James Governor is Principal Analyst and co-founder of RedMonk. He is widely regarded as an authoritative voice in the industry, a developer advocate who advises enterprises, start-ups and major tech firms on development and community strategy.
In his keynote address, James will give an overview on where Java stands today, having tracked its meteoric rise to become a critical part of IT infrastructure, and the key enterprise development language. Today Java is a mature environment – but the question is whether Java is now poised for a new period of growth, based on Big Data and web company adoption, or a period of managed, or dramatic, decline? He will assess the impact of Oracle’s acquisition of Sun, the continuing effect of community, the strength of JVM language approaches, and some forthright assessment on what he believes the future holds for Java...
by Fredrik Ohrstrom
Oracle has initiated a renewal of Java and one of the more important goals is to make it easier to write concurrent software that makes use of all cores in modern hardware. This will require changes both to the language Java as well as its virtual machine. I will describe the latest design that we are working on and demonstrate what can be achieved today using the JRockit JVM and how we can improve concurrency in javac itself.
With the popularity of Social media, businesses require to integrate ERP, CRM and Commerce apps with Social media for consumer monitoring, engagement, analytics, marketing, brand monitoring as well as influencing their purchases. This session covers Java tools, protocols, and frameworks for social media for Social CRM and Social Commerce. Covers: Oauth2, Social Graph, REST, JSON, Facebook & Twitter.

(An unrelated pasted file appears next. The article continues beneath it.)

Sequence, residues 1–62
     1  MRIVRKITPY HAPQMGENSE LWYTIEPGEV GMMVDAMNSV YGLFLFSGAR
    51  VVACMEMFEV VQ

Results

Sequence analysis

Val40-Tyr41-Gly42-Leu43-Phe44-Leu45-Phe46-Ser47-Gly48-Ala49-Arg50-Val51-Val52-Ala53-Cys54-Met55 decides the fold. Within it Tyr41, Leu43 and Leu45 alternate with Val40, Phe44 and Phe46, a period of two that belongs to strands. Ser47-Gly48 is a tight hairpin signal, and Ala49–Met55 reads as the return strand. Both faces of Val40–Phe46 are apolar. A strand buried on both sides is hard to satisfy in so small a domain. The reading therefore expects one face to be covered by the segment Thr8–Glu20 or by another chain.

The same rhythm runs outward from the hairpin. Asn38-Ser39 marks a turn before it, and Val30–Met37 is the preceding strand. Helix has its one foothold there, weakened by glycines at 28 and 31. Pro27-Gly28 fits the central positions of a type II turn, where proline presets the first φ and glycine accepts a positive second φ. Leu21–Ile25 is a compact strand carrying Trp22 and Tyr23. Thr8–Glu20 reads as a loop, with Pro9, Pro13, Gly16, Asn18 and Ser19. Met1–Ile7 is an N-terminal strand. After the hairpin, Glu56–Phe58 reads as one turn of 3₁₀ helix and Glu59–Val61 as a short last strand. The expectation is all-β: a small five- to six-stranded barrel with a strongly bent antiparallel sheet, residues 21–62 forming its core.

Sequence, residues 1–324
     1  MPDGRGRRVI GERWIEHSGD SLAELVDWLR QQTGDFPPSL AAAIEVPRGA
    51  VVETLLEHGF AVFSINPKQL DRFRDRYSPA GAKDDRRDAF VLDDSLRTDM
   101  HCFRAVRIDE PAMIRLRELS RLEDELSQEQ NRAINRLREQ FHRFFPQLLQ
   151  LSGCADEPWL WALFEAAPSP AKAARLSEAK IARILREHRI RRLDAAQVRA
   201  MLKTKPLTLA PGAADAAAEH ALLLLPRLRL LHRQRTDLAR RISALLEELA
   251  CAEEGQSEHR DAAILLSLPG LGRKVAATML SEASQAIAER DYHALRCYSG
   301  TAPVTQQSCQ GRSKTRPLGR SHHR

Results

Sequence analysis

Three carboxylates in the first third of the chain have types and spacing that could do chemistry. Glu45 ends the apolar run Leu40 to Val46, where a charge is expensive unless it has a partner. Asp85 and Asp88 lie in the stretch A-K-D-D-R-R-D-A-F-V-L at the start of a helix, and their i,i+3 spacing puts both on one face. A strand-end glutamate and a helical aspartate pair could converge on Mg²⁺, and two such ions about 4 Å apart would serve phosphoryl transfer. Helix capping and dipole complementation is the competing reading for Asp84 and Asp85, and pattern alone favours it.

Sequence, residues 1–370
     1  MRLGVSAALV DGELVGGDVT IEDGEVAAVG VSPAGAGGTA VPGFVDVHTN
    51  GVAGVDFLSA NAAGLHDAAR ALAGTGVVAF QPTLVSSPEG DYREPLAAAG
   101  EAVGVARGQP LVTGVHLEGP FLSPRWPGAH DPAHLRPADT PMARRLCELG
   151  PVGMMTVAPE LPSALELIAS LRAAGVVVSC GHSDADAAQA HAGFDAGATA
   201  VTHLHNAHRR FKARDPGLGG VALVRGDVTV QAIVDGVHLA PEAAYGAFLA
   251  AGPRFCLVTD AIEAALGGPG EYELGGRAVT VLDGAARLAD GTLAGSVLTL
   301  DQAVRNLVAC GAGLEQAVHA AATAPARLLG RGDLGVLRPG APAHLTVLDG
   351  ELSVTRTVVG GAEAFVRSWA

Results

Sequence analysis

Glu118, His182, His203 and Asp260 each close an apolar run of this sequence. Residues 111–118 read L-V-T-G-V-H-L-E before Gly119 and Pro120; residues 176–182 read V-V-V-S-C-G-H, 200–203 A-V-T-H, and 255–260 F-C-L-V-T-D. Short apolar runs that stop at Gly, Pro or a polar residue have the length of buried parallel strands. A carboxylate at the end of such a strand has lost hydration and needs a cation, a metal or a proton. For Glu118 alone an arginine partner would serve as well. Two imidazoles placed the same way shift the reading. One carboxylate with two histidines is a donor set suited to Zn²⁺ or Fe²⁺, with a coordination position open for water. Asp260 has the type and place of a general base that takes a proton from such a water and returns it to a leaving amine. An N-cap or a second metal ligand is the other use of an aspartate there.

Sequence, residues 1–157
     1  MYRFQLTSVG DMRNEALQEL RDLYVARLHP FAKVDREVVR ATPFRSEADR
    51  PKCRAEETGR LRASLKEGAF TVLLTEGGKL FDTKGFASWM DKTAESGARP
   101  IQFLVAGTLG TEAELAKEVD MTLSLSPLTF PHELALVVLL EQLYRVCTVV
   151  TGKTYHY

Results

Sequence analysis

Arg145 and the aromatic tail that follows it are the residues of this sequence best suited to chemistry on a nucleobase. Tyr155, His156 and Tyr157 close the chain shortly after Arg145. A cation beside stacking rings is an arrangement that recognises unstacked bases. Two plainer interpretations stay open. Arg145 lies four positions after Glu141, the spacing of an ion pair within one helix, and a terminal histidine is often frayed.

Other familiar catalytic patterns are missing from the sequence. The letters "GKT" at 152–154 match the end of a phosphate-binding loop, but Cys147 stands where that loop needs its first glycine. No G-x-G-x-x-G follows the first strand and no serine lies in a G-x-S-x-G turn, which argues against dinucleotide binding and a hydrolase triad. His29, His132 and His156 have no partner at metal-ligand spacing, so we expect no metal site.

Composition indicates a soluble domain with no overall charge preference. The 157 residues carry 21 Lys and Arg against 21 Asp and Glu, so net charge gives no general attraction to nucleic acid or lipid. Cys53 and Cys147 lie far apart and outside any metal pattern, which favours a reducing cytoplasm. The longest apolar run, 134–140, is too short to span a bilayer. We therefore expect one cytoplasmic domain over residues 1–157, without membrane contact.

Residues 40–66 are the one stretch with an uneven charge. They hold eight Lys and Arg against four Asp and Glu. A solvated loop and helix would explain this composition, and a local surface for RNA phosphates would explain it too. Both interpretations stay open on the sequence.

by Simon Ritter
With the recent release of Java SE 7 the Java platform is back on the move, addressing the needs of developers as platforms and applications change. This session will briefly recap recent developments in Java SE 7 and the Java Community Process before moving onto the current ideas for features in Java SE 8. Discussions are underway within Oracle about the main themes for Java SE 9 and beyond. We'll conclude with an open discussion around what features the audience would like to see included in future releases of the Java platform. Key points from this will be passed back to Java SE product management in Oracle.
by Ted Neward
The NoSQL movement has stormed onto the development scene, and it’s left a few developers scratching their heads, trying to figure out when to use a NoSQL database instead of a regular database, much less which NoSQL database to use. In this session, we’ll examine the NoSQL ecosystem, look at the major players, how the compare and contrast, and what sort of architectural implications they have for software systems in general.
by Joachim Van der Auwera
Introduction to mapping, geographic information systems and geolocalization. After covering basics like layers and projections, data formats and standards we will look at open source tools and Java libraries which can help you to build working solutions.
The JMS standard is 9 years old - but outside the Java community innovation is happening. The AMQP standard with implementations like RabbitMQ is gaining more and more traction. This session explains the standard and its advantages. It will also show how an AMQP application can be implemented using Java.
by Mike Barker and Trisha Gee
The Disruptor is new open-source concurrency framework, designed as a high performance mechanism for inter-thread messaging. It was developed at LMAX as part of our efforts to build the world's fastest financial exchange. Using the Disruptor as an example, this talk will explain of some of the more detailed and less understood areas of concurrency, such as memory barriers and cache coherency. These concepts are often regarded as scary complex magic only accessible by wizards like Doug Lea and Cliff Click. Our talk will try and demystify them and show that concurrency can be understood by us mere mortal programmers.
31st October to 2nd November 2011